Antique Collecting magazine – Current issue

The LATEST Antique Collecting magazine is out now – SUBSCRIBE HERE to get it delivered to your door every month it’s packed with expert articles, the latest trends and market news, along with the best auctions and fairs – find out what’s in this month’s packed issue below!

Antique Collecting August 2020 front cover

Gray Matters  – A look at the work of the Irish-born modernist designer Eileen Gray whose genius has been sadly overlooked

E-1027 the home of Edith Gray in the South of France

Natural Bedfellows – The careers of 20th-century artists Charles Mahoney and Dorothy Bishop are brought to life by their daughter

The allotment by Charles Mahoney

King Edward – Edward Barnsley the son of arts and crafts designer Sidney Barnsley is put in the spotlight by specialist dealer Holly Johnson

Chest of drawers by Edward Barnsley

By Georg! – The silver of the Danish designer Georg Jensen is greatly sought after by collectors. Mark Littler reports

Georg Jensen silver coffee pot

Bidding Online Q&A – With armchair buying soaring, Mark Gilding reveals the pleasures and pitfalls of buying online

An auctioneer during an online auction

Gardeners’ World – Lockdown has made us fall in love with our outdoor spaces, James Rylands presents the in-vogue antique statuary and ornaments

Antique garden ornament

Short and Sweet – The reign of the Yongzheng emperor lasted only 13 years but sparked huge artistic endeavour, writes Sam Howard

A Yongzheng plate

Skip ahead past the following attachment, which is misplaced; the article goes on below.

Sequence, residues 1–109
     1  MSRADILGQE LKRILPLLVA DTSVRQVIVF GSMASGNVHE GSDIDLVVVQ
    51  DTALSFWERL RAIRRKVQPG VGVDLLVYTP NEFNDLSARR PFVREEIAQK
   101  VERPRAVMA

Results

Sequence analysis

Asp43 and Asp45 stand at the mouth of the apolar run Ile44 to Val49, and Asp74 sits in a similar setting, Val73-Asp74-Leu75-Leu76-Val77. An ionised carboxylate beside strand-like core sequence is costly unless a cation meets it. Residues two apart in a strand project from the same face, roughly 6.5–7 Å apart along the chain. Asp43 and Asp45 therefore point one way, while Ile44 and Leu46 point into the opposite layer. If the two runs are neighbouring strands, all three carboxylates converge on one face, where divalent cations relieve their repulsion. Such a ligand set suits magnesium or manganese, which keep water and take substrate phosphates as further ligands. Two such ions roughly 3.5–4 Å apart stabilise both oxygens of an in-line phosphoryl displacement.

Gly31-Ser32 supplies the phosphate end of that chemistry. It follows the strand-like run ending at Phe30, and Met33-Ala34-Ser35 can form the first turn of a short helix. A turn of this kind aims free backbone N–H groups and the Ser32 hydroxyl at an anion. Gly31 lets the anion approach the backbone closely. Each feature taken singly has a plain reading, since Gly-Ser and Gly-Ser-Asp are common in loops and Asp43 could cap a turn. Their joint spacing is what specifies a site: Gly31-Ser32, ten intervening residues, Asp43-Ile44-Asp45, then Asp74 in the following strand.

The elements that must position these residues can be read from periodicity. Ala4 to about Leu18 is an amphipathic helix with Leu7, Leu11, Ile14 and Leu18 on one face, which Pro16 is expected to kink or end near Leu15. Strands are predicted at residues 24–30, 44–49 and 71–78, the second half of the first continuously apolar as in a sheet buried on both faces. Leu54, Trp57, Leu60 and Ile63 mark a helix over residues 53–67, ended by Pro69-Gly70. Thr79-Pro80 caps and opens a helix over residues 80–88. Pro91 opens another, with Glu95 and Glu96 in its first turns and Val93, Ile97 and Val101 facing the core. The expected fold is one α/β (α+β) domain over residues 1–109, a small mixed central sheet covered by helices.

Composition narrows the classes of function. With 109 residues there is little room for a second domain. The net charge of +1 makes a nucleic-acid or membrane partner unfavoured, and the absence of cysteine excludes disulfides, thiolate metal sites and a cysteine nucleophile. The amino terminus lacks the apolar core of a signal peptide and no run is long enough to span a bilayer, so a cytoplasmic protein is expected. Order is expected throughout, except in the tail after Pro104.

All the latest news from the salesrooms, previews of upcoming auctions and the fairs and events you don’t want to miss – get Antique Collecting magazine delivered to your door every month

6 thoughts on “Antique Collecting magazine – Current issue

  • Pingback: Antique Collecting magazine - June editorial

    • March 3, 2016 at 8:41 am

      We started publication in 1966 – so this year is our 50th anniversary!

  • June 13, 2017 at 5:19 pm

    On p.54 of the current issue – Top of the Lots – the main illustration is described as an armorial crest. This is quite incorrect as it is a Coat of Arms. In fact a crest is not present at all which if it were would be a Lion standing on the Crown This is elementary and whoever wrote the description (even without being an heraldic expert) should know the difference between an Armorial and a Crest, (the latter being the emblem on the top alone as the name implies) – especially when writing in a specialist magazine !

    • June 15, 2017 at 9:26 am

      Many thanks for your comments regarding the story in this month’s magazine. The description for the news item was taken from the auctioneer’s catalogue.

  • August 11, 2019 at 9:31 pm

    I have many vintage post cards and birthday cards from my family members. Pre WW 1 and earlier.
    Could you please recommend someone that could advise me of the value and sense of history.


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